The way most of them see it, they think it's going to be resolved, so they're not that worried about it from an economics perspective. But generally I would say the optimism in Europe is a little bit less than here in the States.

Global trade volatility is a winners-and-losers dynamic; you can be on the winning side too:

We have some customers that are doing really well from the trade situation, because they're U.S.-centered manufacturing... The manufacturing sector is our largest customer base, and overall, they're doing well.

Some distributors, however, are taking it on the chin:

That's another market that's doing well for us. We do have some customers, though, that import what I would describe as lower value products from China. If they're not able to absorb because of the nature of the supply chain that they have; if they're unable to pass the cost increases along, that is hurting them a bit for sure.

I had a conversation with a flooring adhesives company out of Florida recently. This is their situation, where they have some add-on products that are imported from China... And so they're hopeful that we can get a trade deal with China done, sooner than later.

Halloran points to another market driver: accelerated merger and acquisitions activity:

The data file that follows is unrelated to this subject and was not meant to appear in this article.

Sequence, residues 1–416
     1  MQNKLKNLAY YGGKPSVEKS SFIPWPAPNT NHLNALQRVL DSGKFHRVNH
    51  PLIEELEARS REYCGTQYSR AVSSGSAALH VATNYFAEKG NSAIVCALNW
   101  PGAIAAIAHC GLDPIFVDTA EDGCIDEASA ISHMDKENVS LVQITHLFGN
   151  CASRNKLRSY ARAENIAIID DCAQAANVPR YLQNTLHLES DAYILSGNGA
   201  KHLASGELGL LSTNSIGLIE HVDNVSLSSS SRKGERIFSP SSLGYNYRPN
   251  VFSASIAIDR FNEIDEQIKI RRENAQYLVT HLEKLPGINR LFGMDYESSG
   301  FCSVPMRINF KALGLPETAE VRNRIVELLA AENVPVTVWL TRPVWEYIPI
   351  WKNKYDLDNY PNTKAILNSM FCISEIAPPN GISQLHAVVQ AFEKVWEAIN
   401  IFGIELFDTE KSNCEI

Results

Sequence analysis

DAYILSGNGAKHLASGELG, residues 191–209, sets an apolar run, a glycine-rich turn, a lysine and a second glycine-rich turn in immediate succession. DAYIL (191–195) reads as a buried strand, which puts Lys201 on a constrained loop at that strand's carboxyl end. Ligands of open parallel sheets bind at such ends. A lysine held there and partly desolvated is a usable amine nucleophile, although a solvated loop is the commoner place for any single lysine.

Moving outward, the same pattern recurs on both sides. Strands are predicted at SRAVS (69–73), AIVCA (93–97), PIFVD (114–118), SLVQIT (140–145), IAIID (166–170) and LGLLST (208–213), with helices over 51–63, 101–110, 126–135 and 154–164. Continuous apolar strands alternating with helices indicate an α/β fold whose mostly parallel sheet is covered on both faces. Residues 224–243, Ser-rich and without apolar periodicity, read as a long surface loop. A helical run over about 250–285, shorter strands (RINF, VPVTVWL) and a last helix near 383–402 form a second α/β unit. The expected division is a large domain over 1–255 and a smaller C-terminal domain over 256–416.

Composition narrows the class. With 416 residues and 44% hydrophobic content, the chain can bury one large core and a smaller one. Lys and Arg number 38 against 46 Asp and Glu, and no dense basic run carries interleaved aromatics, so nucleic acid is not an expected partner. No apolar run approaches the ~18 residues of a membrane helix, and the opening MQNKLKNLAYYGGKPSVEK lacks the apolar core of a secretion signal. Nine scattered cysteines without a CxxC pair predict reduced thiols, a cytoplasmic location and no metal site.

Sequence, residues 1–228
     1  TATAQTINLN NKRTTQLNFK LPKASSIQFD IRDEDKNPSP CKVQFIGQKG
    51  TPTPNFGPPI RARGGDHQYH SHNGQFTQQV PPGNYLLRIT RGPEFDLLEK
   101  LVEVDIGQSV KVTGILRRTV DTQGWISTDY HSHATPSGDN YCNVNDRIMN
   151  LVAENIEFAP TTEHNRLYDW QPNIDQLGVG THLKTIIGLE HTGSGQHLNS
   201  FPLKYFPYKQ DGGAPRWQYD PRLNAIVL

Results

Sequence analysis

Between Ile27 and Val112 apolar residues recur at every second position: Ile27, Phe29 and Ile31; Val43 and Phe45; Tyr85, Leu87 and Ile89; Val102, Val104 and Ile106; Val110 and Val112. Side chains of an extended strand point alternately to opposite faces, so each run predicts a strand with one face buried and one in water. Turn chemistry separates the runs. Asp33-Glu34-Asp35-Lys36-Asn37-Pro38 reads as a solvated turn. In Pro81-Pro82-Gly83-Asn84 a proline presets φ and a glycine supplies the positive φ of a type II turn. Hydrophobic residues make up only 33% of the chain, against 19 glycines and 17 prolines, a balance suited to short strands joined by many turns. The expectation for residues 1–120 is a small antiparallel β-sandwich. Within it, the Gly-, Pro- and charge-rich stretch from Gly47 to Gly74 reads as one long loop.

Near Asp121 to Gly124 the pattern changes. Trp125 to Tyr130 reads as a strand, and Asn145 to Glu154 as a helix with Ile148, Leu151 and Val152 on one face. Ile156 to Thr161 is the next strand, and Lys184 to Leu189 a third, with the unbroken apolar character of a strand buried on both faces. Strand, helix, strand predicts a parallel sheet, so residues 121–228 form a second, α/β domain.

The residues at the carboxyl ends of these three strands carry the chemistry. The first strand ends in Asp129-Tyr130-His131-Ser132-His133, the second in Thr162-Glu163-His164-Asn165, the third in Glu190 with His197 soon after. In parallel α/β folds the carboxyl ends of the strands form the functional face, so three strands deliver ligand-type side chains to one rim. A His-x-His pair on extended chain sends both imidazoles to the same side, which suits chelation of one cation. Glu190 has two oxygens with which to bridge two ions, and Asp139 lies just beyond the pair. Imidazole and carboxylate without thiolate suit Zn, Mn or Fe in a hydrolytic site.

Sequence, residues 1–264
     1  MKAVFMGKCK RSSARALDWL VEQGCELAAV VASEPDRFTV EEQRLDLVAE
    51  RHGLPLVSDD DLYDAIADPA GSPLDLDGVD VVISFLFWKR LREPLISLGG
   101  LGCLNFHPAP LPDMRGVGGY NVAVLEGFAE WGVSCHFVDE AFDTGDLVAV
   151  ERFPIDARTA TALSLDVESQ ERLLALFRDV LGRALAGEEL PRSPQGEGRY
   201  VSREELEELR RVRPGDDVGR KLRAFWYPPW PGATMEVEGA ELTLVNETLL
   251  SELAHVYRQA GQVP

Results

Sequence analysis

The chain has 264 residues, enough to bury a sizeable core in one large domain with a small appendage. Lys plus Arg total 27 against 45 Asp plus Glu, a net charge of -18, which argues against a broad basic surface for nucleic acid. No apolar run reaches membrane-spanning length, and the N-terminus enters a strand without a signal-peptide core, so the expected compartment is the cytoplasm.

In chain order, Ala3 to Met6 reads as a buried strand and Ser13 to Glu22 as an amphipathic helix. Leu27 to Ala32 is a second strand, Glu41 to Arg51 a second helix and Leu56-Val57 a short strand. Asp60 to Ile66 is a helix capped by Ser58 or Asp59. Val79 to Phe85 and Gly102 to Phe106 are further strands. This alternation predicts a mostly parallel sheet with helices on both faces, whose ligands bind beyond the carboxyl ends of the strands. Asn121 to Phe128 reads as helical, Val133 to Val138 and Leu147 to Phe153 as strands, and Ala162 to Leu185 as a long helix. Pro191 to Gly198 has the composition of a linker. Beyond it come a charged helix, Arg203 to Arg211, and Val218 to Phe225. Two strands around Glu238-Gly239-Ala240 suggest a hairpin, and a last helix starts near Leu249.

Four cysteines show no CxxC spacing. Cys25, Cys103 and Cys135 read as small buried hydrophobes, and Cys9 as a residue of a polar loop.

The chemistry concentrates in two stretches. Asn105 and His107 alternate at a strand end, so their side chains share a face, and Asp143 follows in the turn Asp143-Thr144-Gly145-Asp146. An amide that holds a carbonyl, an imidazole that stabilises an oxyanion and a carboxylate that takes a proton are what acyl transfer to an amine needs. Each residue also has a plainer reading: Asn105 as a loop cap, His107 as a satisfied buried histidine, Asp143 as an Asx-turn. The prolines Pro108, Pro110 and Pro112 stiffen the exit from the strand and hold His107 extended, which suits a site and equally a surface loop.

It's just incredible the number of companies I talk to that have acquired companies, and are acquiring more companies. M&A seems to be very heightened at the moment. That's causing them to want to look at an FP&A platform to be able to kind aggregate that, do things faster, get an aggregate view of the company, and plan at that level.

Continuous planning - a big step towards better decisions?

That all makes sense, but what interests me most is a tougher question. Can we establish that no matter what the economic conditions, CFOs can make better decisions  - if they have better planning tools, and a so-called "single source of the truth?" Those are the proof points I'm always looking for. Otherwise claiming we are "data-driven" is borderline meaningless, right?

Halloran says we have to factor in the push for what Host Analytics calls "continuous planning." After all, if we're planning with historical data in lagging cycles, we'll never be able to put my decision-making question to the test. So how does Halloran define continuous planning?

Continuous planning is the idea that we need to be able to see this data, and we need to continuously flow. A lot of people still think of planning as an old-school, waterfall or circular kind of process.

I don't think of it that way. I think of planning as a kind of amalgam of a whole ton of decisions. And so you need to move that data into the organization effectively as fast and as often as you can, so you can actually respond to what you're seeing.

Halloran says a big step towards making better decisions with data is simply making more of them:

If I have to wait till the end of the quarter to understand how I'm performing, versus being able to see it weekly or daily, then I'm able to make more course corrections. Ask any executive: Would you rather make 52 decisions a year on a particular topic, or 12 or 4?